There are a few days in a lifetime when a certain event is vividly and indelibly imprinted on your memory, and you can recall even mundane things that happened before, during or after.
I remember the location and circumstances when I found out about the deaths of John F. Kennedy, Elvis Presley, Ronnie Van Zant and Toy Caldwell. And I remember well the morning my son, Charlie, called me and told me that a commercial airliner had crashed into one of the twin towers of the World Trade Center.
My first impression of a terrible aviation accident was short lived as soon as the second plane hit the second tower. Then the Pentagon and the crash in the field in Pennsylvania quickly followed, and it was obvious that the mainland of the United States of America was under attack.
I think the entire nation was in shock and trepidation, waiting for the other shoes to drop, having absolutely no idea how far it was going to go and how much destruction and carnage there would be at the end of the day.
Of course, the government quickly grounded all but military aircraft, and I'm sure that below the public's radar protocols went into effect and our forces around the world were put on high alert status.
The country immediately had several things in common: fear, confusion and soon to follow, a white-hot anger, not to be assuaged by platitudes and political rhetoric. America wanted action; they wanted results; they wanted blood; and no amount of presidential statements about Islam being a “peaceful religion” would cool or placate it.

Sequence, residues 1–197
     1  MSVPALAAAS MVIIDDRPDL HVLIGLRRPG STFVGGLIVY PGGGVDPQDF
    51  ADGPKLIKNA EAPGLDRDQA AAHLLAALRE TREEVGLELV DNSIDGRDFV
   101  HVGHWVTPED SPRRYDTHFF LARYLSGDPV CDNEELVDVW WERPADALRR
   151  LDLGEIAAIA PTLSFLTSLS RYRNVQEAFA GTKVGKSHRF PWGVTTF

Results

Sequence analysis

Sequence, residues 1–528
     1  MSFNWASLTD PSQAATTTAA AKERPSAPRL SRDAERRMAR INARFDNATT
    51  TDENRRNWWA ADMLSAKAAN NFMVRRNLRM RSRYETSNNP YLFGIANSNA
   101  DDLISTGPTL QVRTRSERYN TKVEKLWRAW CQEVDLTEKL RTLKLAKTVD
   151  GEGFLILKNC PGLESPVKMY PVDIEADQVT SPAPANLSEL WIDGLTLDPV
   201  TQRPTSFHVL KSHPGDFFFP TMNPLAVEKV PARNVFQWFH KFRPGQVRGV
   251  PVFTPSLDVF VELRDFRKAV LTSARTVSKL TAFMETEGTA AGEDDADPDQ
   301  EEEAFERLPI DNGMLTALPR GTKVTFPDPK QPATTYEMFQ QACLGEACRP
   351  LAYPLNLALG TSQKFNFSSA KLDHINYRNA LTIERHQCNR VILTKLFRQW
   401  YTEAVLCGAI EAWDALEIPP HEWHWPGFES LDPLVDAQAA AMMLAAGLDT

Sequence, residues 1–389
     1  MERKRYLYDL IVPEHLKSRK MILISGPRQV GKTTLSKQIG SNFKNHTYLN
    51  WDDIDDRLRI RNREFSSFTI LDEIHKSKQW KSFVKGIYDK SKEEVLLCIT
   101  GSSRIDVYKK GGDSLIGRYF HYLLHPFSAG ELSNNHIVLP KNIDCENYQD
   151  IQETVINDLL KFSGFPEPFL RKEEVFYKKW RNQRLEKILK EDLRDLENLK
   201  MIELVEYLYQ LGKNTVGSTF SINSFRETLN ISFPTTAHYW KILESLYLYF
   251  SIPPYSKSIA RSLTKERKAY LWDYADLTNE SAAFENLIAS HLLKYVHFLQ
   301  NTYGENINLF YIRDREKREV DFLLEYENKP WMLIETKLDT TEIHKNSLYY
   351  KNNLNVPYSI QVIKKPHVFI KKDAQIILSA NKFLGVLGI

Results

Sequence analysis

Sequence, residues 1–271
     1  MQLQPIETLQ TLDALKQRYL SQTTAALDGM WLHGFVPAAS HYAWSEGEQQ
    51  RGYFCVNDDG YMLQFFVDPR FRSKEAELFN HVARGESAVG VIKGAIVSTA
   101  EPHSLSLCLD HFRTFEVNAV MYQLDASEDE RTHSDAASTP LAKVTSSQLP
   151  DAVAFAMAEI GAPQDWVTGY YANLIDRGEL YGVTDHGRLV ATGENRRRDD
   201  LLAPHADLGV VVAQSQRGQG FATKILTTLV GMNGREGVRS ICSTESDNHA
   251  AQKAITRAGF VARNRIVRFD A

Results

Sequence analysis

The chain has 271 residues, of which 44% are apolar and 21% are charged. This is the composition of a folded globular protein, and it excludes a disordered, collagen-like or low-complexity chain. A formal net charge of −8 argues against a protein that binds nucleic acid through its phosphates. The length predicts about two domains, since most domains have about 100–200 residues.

Our lives changed forever that day. You can't catch an airplane, attend a major sporting event or even enter a building of any size without being exposed to the results of the terrorism that had its finest day on September 11, 2001.
Of course, 9/11 was not America's first experience with the dedication and deviousness of the Islamic radicals, but it was the first time we had had to face the fact that the attacks were not just on the streets of Tel Aviv or the backwaters of Africa anymore. They had arrived, full blown on our very doorstep, and America was going to have to deal with it up close and personal with a gaggle of, although admittedly fine federal agencies, organizations splintered by budget battles, turf wars and bureaucratic bovine scatology and hindered by the scourge of political correctness so prevalent in much of our government.
We all know about the formation of Homeland Security and the myriad steps taken to pull our intelligence and security entities together to simplify and streamline the flow of information and resources.
Did it work?
Very well, to a point, but any organization operating under the thumb of elected officials is only as effective and efficient as the powers that be will allow them to be, and therein lies the problem.
When the agencies charged with the protection of the public and the rooting out of the terrorists who hide among us have their hands tied by politicians, forbidden to go here or there, not allowed to profile, even when we know what the enemy looks like, and when the worst known terrorists in the world are set free to return to the battle field and kill more Americans, you have to wonder if America has really learned its lesson.
Will America have to suffer an even more catastrophic attack: nuclear, chemical or biological before we finally batten down the hatches, pull out all the stops and do whatever it takes to truly keep this nation safe?
We know ISIS and the other radical Islamic crazies constantly attempt to insert operatives into America.
In spite of this, our president wants to allow thousands of refugees into America, which we have already been told by ISIS will contain terrorists, and he even refuses to properly identify our blood enemy.
Have we learned our lesson?
Some of us have.
But apparently, some of us still haven't.
What do you think?
Pray for our troops, our police and the peace of Jerusalem.
God Bless America
Charlie Daniels is a legendary American singer, song writer, guitarist, and fiddler famous for his contributions to country and southern rock music. Daniels has been active as a singer since the early 1950s. He was inducted into the Grand Ole Opry on January 24, 2008.